Such nuanced accounts of the politics of Jewish integration in the East End and its wider ramifications are given a broader context in David Feldman’s essay in this issue. Challenging the predominant view in recent scholarship that Victorian cultural and political responses to the Jewish minority were fundamentally ambivalent, Feldman points to the positive support for religious plurality evidenced by State funding of denominational education (including for Jews). There was no single discursive relationship, he argues, among liberal culture, the East End, and the Jews. For sure, in many textual representations of this period, including those by Beatrice Webb and other social reformers, East End Jews were simultaneously idealized and denigrated, but for Feldman this indicates not the ambivalence of Victorians towards the Jews as such but the particular demands that the structure of East End industry posed for its observers. The ‘Jewish type’, like the ‘residuum’, was a late-Victorian means of explaining East End phenonema that did not fit current theories of economic and social progress.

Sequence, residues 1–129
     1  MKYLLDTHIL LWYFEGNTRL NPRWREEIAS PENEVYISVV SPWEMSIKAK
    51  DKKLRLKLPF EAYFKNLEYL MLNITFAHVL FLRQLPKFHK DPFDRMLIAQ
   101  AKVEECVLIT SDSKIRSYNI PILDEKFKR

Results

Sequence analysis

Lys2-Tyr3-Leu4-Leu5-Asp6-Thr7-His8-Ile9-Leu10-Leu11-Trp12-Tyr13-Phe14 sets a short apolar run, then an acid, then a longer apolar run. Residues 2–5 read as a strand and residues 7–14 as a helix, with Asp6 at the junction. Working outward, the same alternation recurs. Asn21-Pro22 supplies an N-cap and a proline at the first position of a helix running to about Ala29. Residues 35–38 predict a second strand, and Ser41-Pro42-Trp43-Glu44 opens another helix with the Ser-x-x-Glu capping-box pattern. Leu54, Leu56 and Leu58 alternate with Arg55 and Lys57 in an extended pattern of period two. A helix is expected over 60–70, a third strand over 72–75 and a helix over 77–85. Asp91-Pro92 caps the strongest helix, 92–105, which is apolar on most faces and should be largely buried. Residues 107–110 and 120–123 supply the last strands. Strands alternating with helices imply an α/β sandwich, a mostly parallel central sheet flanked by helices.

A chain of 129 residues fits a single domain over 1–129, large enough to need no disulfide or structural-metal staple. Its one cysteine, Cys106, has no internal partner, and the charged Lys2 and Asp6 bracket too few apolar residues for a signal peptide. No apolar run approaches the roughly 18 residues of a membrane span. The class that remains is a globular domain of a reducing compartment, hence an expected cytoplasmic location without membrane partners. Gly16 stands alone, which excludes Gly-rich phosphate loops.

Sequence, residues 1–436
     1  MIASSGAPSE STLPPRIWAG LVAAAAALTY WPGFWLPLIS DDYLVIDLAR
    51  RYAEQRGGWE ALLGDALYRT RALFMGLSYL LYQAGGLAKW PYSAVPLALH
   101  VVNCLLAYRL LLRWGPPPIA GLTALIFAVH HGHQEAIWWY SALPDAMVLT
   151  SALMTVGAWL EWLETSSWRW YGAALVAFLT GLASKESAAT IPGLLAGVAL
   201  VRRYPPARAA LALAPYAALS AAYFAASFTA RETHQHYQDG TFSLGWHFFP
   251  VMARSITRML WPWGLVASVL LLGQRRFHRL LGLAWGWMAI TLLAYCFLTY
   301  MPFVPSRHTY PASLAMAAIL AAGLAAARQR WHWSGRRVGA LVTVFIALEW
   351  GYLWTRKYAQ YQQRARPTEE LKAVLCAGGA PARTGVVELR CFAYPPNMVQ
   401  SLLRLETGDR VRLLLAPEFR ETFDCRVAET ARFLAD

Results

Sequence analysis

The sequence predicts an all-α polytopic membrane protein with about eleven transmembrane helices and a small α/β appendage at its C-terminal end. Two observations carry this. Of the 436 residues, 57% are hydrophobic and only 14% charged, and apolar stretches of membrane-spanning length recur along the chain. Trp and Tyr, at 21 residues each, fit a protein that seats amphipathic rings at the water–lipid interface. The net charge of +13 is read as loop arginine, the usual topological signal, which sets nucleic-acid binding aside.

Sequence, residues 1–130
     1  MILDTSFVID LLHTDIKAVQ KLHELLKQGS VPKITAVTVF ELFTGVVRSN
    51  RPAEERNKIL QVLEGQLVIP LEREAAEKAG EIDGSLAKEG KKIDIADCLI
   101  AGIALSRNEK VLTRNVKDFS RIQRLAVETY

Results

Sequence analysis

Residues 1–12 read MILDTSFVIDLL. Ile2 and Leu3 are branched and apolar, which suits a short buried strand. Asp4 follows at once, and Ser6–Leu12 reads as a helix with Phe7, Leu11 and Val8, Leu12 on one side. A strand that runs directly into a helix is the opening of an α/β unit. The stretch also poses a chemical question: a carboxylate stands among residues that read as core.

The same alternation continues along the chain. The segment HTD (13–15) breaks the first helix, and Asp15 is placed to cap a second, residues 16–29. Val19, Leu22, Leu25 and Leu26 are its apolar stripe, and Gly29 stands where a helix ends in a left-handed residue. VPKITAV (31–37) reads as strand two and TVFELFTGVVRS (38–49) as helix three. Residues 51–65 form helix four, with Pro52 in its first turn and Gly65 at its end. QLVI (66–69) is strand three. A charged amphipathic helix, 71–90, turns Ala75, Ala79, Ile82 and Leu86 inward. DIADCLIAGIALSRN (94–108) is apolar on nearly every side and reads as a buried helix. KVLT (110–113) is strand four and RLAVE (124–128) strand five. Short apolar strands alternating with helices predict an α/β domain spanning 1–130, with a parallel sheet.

The essays in this issue refer to an East End that was both an imaginative space and an administrative jurisdiction — especially before the creation of the London County Council, which took over responsibility for education, sewage, housing, and hospitals in 1888. These official agencies, however, stretched and compressed the ‘East End’, bringing it into different spatial configurations. The Poor Law, for example, created complex administrative geographies: while the East London Poor Law Union established its workhouse at Homerton, the City of London Poor Law Union farmed paupers out to its workhouse in Bow. Thus, although the City of London was legally responsible for the paupers and patients discussed in Caroline Bressey’s essay, they were accommodated east of its boundaries. For Charles Booth, documenting the lived reality of working-class poverty in his 1889 study Life and Labour of the People in London, East London stretched from Aldgate to Bow and Poplar. But if Booth’s investigation empirically established an identity for East Londoners as suffering shocking levels of deprivation, this definition was complicated by his later work on West London, where poverty statistics were strikingly similar. A different version of the ‘East End’ defined the zone of intervention adopted by the university settlement movement, which sprinkled its Oxbridge-style quadrangles across the area in the 1880s and 90s, and included Toynbee Hall in Whitechapel, Oxford House in Bethnal Green, Mansfield House University Settlement in Plaistow and Canning Town Women’s Settlement, but also extended south of the river to Bermondsey and Camberwell. Professional missionaries, on the other hand, headed for whichever part of East London had received the latest wave of immigrant unbelievers, whether Indian sailors in Canning Town, objects of the Lascar Mission there, or Russian Jewish immigrants in Whitechapel. Imagined geographies of East London, meanwhile, were just as important in shaping both lived experience and mythic representation. Residents often evinced loyalties to localities far smaller than the ‘East End’, identities tied fiercely to particular streets or even buildings.10 Micro-localities also proved a rich resource for literary ethnographers like Arthur Morrison, as Diana Maltz shows in her essay, as he ascribed East End brutality in the Old Nichol to its poverty-induced isolation, and in Wapping to the rootless nomadism of its transient sailor population. For Morrison, a historical geography of the East End was the key to understanding its distinctive ethos.